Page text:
end, night, noon nor day."
Ah, how beautiful is this!-a
charity like God's great cha-
rity, that knows no end!
Every day he gave away
one meal to the poor-two
meals he ate and one he gave
away. Every fourth day he





GEORGE WISHART. 19

ate only a piece of bread and
drank some water, and gave
all the rest of that day's food
to the poor. Thus he gave
what cost him self-denial.
In those days most people
thought they must have great
feather-beds to sleep on, but
George Wishart slept on a bed
of straw. Every week he put
on this bed a pair of coarse
white sheets, and every week
he took off the pair that had





20 GEORGE WISHART.

been on the seven days before
and gave them away.
"By his bed," says Emery
Tylney, stood a great tub of
fresh water, and, every one
being in bed and the candle
out, he would bathe in this
water."
So, you see, simple food,
cold water, plain clothes and
constant work made up his
life and kept him strong and
healthy.





GEORGE WISHART. 21

Emery Tylney slept in the
room with his dear teacher.
He loved him well, and he
cries out,
Oh that the Lord had
left him to me, his poor
boy! I should find no words
to tell his good deeds-his
love to me, to the poor; his
wisdom, his labor, his desire
to do good to all and harm to
none."
When we read these things





22 GEORGE WISHART.

we \vish we could see such a
man as George Wishart.
"He was modest, tempe-
rate, prudent, fearing God and
hating covetousness," Tylney
goes on to say, and this
makes us love George Wish-
art yet more.
When Wishart preached he
was grave and earnest. He
said what was right even
when people got angry at his
plain speaking. He dared to





GEORGE WISHART. 23

tell the truth, and in this I wish
every boy and girl were like
him, but I am afraid a great
many are not.
There were many wicked
people among Wishart's hear-
ers men who fought and
swore and even got drunk.
There were men also who
broke the Sabbath in work or
in play; men who did not
read the Bible, and men who
prayed to images and the Vir-





24 GEORGE WISHAET.

gin Mary instead of to God
and Christ.
The Church of that day had
got very far from the truth-
far from God's law and
George Wishart stood up as a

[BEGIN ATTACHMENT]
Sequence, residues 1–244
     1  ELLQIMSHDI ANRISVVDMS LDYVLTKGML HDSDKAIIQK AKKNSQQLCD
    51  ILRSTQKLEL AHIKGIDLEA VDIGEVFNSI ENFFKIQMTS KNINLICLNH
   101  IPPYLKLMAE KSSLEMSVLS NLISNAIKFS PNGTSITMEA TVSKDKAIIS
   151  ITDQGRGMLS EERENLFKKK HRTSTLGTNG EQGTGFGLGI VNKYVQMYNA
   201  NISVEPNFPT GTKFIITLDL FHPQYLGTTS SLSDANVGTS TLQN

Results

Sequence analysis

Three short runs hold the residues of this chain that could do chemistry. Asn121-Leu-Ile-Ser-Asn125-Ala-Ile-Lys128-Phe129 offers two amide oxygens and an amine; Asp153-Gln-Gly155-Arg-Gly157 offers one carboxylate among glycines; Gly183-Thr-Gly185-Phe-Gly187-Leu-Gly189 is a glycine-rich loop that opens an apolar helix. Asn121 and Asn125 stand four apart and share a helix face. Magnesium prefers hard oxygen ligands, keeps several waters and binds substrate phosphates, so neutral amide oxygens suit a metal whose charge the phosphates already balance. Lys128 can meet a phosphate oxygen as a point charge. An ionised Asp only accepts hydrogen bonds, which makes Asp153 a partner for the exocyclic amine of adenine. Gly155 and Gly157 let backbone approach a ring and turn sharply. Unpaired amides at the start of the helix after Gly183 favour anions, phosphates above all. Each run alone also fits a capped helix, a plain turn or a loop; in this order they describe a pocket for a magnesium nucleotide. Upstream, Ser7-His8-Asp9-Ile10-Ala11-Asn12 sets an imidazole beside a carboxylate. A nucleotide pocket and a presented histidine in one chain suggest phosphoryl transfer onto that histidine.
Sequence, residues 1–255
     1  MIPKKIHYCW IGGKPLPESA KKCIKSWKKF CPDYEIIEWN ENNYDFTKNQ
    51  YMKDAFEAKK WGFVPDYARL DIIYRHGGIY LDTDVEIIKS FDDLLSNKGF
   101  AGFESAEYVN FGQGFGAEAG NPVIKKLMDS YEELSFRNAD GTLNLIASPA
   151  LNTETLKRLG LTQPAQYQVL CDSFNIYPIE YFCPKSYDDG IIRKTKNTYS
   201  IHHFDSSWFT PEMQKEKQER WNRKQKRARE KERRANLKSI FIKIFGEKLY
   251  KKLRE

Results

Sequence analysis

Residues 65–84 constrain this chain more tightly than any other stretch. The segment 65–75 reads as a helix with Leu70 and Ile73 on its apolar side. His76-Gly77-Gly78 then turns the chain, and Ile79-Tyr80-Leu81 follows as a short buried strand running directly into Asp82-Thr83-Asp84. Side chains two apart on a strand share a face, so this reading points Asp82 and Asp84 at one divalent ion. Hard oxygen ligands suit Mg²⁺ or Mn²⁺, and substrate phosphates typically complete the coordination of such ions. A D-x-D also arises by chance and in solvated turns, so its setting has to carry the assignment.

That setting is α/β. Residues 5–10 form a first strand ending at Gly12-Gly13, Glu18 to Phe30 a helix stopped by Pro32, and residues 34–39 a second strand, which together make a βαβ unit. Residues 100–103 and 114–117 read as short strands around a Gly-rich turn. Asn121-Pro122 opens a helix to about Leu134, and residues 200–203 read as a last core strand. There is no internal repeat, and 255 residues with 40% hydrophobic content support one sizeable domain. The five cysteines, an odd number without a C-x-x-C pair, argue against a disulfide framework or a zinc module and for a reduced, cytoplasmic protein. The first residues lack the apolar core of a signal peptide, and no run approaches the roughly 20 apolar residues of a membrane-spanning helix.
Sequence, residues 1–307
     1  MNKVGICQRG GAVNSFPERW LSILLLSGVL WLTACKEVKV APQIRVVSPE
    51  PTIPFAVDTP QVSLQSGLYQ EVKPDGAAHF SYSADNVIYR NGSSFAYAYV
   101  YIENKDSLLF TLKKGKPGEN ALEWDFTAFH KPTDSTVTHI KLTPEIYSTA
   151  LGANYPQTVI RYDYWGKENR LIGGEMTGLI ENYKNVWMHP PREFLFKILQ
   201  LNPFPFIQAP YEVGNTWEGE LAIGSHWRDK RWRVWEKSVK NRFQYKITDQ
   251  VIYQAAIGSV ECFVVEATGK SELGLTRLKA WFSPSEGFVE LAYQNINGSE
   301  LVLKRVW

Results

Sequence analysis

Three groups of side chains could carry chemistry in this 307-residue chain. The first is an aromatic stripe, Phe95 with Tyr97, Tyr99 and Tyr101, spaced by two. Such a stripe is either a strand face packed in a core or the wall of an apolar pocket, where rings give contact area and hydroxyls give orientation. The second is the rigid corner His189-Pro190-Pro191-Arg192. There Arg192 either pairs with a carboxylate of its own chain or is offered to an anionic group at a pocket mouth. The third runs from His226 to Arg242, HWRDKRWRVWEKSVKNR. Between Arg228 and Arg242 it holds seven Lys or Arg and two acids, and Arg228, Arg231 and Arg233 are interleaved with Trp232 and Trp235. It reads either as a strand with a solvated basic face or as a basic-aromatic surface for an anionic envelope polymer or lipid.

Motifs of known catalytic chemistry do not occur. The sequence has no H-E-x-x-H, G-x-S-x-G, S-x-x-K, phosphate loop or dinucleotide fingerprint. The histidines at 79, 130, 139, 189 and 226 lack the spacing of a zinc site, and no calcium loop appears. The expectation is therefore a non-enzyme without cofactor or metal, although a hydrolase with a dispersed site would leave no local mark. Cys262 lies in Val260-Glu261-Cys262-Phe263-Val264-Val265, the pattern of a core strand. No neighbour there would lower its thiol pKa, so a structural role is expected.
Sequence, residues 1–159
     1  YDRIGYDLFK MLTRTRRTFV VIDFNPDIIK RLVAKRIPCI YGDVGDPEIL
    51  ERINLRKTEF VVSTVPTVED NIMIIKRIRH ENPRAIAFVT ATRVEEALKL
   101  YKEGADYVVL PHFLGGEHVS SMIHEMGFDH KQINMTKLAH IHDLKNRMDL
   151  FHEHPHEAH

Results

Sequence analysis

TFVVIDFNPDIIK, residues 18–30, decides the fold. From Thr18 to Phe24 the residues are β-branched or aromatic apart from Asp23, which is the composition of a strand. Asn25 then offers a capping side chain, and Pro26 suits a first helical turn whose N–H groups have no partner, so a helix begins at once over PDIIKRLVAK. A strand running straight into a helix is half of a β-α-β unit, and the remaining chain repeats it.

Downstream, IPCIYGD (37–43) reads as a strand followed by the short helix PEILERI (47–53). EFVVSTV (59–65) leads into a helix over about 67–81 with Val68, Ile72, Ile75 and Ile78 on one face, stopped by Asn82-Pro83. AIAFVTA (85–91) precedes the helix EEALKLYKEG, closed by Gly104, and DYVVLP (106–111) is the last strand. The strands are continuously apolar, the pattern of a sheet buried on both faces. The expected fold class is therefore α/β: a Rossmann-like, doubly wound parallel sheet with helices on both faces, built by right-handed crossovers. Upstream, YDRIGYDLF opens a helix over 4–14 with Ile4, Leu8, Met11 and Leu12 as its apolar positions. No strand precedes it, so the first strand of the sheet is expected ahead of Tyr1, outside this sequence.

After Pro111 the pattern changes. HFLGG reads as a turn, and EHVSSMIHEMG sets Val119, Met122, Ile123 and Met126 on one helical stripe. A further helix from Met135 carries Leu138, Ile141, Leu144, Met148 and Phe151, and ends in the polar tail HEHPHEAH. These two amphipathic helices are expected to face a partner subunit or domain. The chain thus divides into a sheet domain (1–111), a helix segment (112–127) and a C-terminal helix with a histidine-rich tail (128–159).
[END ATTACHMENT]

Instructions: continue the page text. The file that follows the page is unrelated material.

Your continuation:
Reformer to reform, or make
over, the Church, so that it
would be a Church in which
God would have pleasure.
George Wishart was not
afraid. He cried out daily
against sin and daily his holy





GEORGE WISHART. 25

life set an example to the
Church he wished to reform.
Wicked men got very angry at
him. They said he was hard
and stern, and set himself up
as better than other people.
They wanted to kill him, but
God was his defence.
Wishart told the people
that it was wicked to pray to
saints-that the Bible said,
" Thou shalt worship the Lord
thy God, and him only shalt





26 GEORGE WISHART.

thou serve." He told them
they must not ask the Virgin
Mary to save them, for there
is only one way for the soul to
get to God, and that way is
Christ Jesus.
These truths he preached
first publicly in the town of
Ross. From Ross he went to
Dundee. Here he bade men
turn from the error of their
ways, fly to Jesus as their only
Saviour, and, as the Bible says,





GEORGE WISHART. 27

"Be converted," and God would
"heal them." He warned
them to escape the wrath to
come-the wrath of God that
falls upon the sinner and from
which he can be safe only in
Jesus, the Son of God.
This was the living truth
that should reform the Church,
bring it back to the pure faith
and life of the gospel. But
wicked men hate the truth:
they hated it when George





28 GEORGE WISHART.

Wishart preached it, and they
would not hear it. They or-
dered Wishart to leave Dun-
dee-nearly all the towns-
people bade him begone. The
officers of the city said he
must go away: they said they
did not like his preaching, it
hurt them and made them un-
happy; and besides, the bish-
ops and Cardinal Beaton, a
great Roman Catholic, who
had much power in those





GEORGE WISHART. 29

days, would persecute them
if they heard Wishart.
How badly George Wishart
felt, not over their treatment
of him, but at their treatment
of the truth of God! Tears
ran down his kind face as he
cried out,
God is my witness that I
never meant your hurt, only
your good and your comfort.